THE FUTURE OF SAFETY
By Phil La Duke
A RESURGENCE IN UNIONS
If there is a class war brewing, the workplace will be ground zero and the rallying cry will be safety. Irrespective of how one feels about organized labor, it is tough to argue with the union organizers when they use safety as a plank in their platforms. As society grows increasingly confrontational with corporations and governments, look for organized labor to fill the vacuum and capitalize on resurgence of radicalism to swell their ranks to unprecedented levels.
Today’s unions have their roots in the Great Depression – a time when banks were despised, governments were seen as protecting companies at the worker’s expense, and radicalism was rising. It is impossible to predict whether today’s unions will be the same unions of the future, but it is fair to say that the unions of the future will look very different than they do today. What this means from a safety prospective is that companies that disregard the safety of their workforce should expect to be targets of aggressive – and largely successful – union drives.
A GALVANIZING CATASTROPHIC EVENT
The wild card in this mix is the mega-disaster that changes everyone’s view of the world. The world looked different after the Triangle Shirt fire. The world looked different on September 12, 2001. Each of these tragedies broadcast how a singular event can change the world in a profound way.
The conditions are ripe for a singular event that, in its horrific magnitude, will change safety forever. People are tired of picking up the tab for corporate-depraved indifference, and the immediacy of unvetted information – bloggers, tweets, Facebook posts, and who knows what technology will exist a decade or two from now – can and will continue to add an emotional element to already incendiary situations.
We are literally sitting on the precipice of another catastrophe. This is not just a factor of time, although probability suggests we are due. Nor is it solely a factor of outside agitation. Safety as an industry is a victim of its own success. A generation of workers has come to age on shop floors where fatalities are exceedingly rare (relative to the factories of only 50 years ago). The backlash against safety caused by the global success of safety efforts has made it easy for greedy industrials and opportunistic politicians to brand safety as over-protective, costly, and – the mother of all bugaboos – “job killing”.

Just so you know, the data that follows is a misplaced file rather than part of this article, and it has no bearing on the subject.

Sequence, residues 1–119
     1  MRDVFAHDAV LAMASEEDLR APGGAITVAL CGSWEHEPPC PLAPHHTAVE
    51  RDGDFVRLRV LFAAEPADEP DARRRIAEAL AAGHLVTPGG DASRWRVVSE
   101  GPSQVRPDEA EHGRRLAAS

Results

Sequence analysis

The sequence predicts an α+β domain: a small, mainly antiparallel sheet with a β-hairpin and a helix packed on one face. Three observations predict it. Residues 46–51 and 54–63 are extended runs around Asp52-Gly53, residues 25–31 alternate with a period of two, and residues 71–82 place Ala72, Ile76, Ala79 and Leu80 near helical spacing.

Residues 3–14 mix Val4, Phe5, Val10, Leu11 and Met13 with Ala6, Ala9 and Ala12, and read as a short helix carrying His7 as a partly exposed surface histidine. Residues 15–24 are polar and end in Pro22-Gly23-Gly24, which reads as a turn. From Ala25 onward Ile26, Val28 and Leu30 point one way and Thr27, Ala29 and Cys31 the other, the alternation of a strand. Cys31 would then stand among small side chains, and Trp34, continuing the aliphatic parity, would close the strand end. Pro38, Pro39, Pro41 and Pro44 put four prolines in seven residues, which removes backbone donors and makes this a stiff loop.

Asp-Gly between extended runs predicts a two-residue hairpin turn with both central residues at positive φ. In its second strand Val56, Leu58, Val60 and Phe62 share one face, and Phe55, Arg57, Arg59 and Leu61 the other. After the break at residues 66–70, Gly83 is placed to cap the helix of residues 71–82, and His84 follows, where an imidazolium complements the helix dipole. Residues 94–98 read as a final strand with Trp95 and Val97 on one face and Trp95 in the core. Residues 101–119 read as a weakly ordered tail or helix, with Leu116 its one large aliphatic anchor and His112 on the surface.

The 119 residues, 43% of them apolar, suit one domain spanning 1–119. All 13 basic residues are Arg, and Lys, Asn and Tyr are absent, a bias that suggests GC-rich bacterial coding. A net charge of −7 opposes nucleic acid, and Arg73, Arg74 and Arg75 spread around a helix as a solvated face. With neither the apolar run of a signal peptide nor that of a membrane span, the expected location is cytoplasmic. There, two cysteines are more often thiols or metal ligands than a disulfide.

In other words, there is a prevailing belief that business will universally protect its workers without regulation. There is also the increasing view that safety is a right, and that a reasonable person can put in a day’s work without being maimed. Couple these two factors together with a rise in public sentiment that values liberty above life and the proverbial recipe for disaster is complete.
Many of today’s workers view safety as a nuisance and the days of Upton Sinclair’s The Jungle seem very remote indeed. Public opinion all too often tends to support the view that the cost of precaution is too high and the need for such measures are unwarranted, unwelcome, and unnecessary. Conditions are ripe for a truly historic and horrific workplace disaster that forever changes the view of workforce safety.
But how this event will manifest is anyone’s guess. Will it galvanize the great unwashed in favor of safety? Or will the media blame unaccountable workers for their own demise?
So as the ancient Chinese blessing/curse adjoins, we will most certainly live in interesting times . . . interesting and dangerous. Ultimately, safety as a profession owns its own success and likewise, if it doesn’t take care, its own failure.
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About the Author: Phil La Duke is a partner in the Performance Assurance Practice at ERM: Environmental Resources Management, 3352 128th Avenue, Holland, MI 49424, 313-244-2525, www.erm.com. You can also follow Phil and reach him on his blogs at www.philladuke.wordpress.com.